The residential listings are a brisk plod through characters both familiar and new. Among this year’s bombshells for longtime readers is the division of Alma and Clevon Merkin into separate addresses, which is unfortunate considering their former status as a phonebook staple (since 1974!) and the example they set for unrepentant romantics like myself. Also, the Behlmans have relocated from 25004 Broadalbin S.W. to 89972 Fulton St. S.E., affecting any offspring of school age. (One of the Local Pages’ most glaring liabilities is its lack of character depth; one laments the passing of the ’80s alternate edition, which listed children, their year of birth, and the homeowners’ respective vocations.) The section concludes with James and Irene Zylva of Lebanon, who unseat longtime epilogues Art and Kathy Zylp of Shedd. Reached for comment, Irene chirped, “Oh, yes, they called last night with their congratulations. Lovely couple, and Art’s a hellcat at canasta. We ‘bottom-feeders’ hit it off wonderfully, and we owe it all to that shrink-wrapped brick dropped on our doorstep.”

To compete with Switchboard.com, the Local Pages have audaciously added a reverse directory slathered in pink and brimming with all sorts of revelatory facts for the die-hard numbers freak. For instance, were you aware that a certain number in Lebanon connects you to both the Pearlmans and the Cumbersons? Or that one slip of the finger might find you conversing with Eric Quaite instead of the receptionist at Duncan Dental? Something to ponder the next time you assault your keypad with such reckless abandon.

The Yellow Pages open on a controversial note with “Abortion Alternatives,” a divisive hot-button issue that grips the reader immediately and tugs him through another 255 pages to the tongue-in-cheek “Zippers-Repair.” A subtle moral statement, perhaps, but a cunning full-circle summation, nonetheless. The section itself is divided by a separate white-page block devoted to restaurant menus, an addition likely appreciated by employees whose ears still throb from years of “ummmmm.” Efficiency is crucial in our breakneck, knockabout, easily distracted culture, and customers may now hail the Broken Yolk Cafe with requests at the ready: the 3rd Street Scramble, Triple-Decker Reuben Club, and a Yee-Hah for Vern.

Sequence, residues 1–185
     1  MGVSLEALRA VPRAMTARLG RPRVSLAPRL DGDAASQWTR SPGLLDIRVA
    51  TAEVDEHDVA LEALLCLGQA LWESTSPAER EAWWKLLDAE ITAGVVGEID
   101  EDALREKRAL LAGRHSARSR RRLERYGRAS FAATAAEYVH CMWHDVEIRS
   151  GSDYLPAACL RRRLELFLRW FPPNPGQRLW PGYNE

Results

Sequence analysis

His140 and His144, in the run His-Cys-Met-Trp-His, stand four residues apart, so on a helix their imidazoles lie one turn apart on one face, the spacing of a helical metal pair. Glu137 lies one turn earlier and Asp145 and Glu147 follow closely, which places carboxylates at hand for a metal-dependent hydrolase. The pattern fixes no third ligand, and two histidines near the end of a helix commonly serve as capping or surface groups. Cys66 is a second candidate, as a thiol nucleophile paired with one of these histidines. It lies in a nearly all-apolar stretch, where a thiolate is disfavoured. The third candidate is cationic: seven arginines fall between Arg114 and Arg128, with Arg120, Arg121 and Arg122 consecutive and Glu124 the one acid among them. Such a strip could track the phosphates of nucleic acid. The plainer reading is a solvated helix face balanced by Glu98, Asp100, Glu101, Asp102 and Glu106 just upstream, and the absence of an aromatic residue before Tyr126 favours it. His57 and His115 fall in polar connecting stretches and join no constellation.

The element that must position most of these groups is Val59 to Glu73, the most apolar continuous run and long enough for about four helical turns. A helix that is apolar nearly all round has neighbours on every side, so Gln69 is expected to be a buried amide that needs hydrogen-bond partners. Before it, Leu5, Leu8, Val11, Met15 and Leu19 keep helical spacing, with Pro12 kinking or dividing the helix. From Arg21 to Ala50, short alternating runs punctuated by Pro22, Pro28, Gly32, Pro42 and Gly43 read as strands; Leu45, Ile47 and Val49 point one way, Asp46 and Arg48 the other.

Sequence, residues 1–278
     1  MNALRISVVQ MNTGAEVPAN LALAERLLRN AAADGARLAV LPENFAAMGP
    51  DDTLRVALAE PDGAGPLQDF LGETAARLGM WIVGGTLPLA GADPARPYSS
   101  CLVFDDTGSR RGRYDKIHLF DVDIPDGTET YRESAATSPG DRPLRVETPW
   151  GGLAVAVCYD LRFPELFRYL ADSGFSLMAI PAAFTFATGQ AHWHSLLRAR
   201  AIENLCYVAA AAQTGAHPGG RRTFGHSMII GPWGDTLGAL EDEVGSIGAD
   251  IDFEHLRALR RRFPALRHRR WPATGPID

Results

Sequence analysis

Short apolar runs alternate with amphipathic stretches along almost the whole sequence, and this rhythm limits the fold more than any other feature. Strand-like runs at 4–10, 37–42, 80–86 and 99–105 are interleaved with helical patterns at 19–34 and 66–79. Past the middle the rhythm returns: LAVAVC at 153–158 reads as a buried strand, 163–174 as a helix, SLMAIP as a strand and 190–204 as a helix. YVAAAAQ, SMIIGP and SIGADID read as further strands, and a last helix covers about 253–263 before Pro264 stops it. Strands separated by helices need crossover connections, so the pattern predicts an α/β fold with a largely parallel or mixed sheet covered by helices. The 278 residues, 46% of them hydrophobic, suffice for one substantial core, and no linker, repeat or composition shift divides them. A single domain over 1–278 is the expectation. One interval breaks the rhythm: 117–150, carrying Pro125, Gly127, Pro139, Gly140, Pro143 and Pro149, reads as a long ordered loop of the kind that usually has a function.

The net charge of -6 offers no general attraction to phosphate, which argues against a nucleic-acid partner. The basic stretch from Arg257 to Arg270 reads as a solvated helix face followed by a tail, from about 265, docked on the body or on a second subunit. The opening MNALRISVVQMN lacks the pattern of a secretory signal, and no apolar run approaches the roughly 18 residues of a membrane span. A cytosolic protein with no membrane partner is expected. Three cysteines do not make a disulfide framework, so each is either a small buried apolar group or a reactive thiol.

Alas, the 2009-2010 directory cannot maintain this momentum, ending in anticlimactic fashion by covering snooty, whitebread Corvallis, which is akin to Iceberg Slim wrapping a gritty tale set in Harlem by jetting to Martha’s Vineyard. Indeed: while the Albany chapter begins delightfully working-class (A-1 Charlie’s Towing), the denizens across the bridge are introduced with the affluent shallowness of A 1 Auto Glass, as in “Wily Ted attempted to christen the windshield of my Beamer with a ’75 Barolo Vezza Riserva Piemonte at the Alumni Dinner.” The individual departments at Oregon State University are blessed with a smaller font size in an ageist scoff at older readers. Not to say the section isn’t without surprises: I was shocked to learn anyone in the coverage area would admit to family names beginning with “z,” that most uncouth of letters. But here they are, stretched over two-and-a-half columns, ending with Arvis L. Zbornak, whose voicemail begins, “You have reached the McMansion of academic/consultant/painter/poet/filmmaker/saxophonist Arvis L. Zbornak. I can’t come to the phone right now, as I’m at the country club skinning the flesh off proletarians. Please leave your name and number after the tone. However, if you earn less than $50K per annum, you will be disconnected posthaste.”

Class warfare lies at the heart of any phonebook, but frankly the division grows tiresome. However, as a convenient guide or disciplinary weapon for pets and children (the newspaper’s not so thick these days), 2009-2010 Albany-Lebanon & Surrounding Areas remains — at least for now — the yellow, blue, pink, and white standard for modern communication.

“Saturday Night Live”: Wanna Bite the Hand That Feeds Me (Miskel Spillman Meets Elvis Costello)

6 Jul

On the evening of October 8, 1977, Saturday Night Live producer Lorne Michaels sat behind the same desk from which he’d presented a $3,200 check to The Beatles the week before, and made an offer that was just as genuine — one that, unlike his Fab Four pipe dreams, would yield genuine results.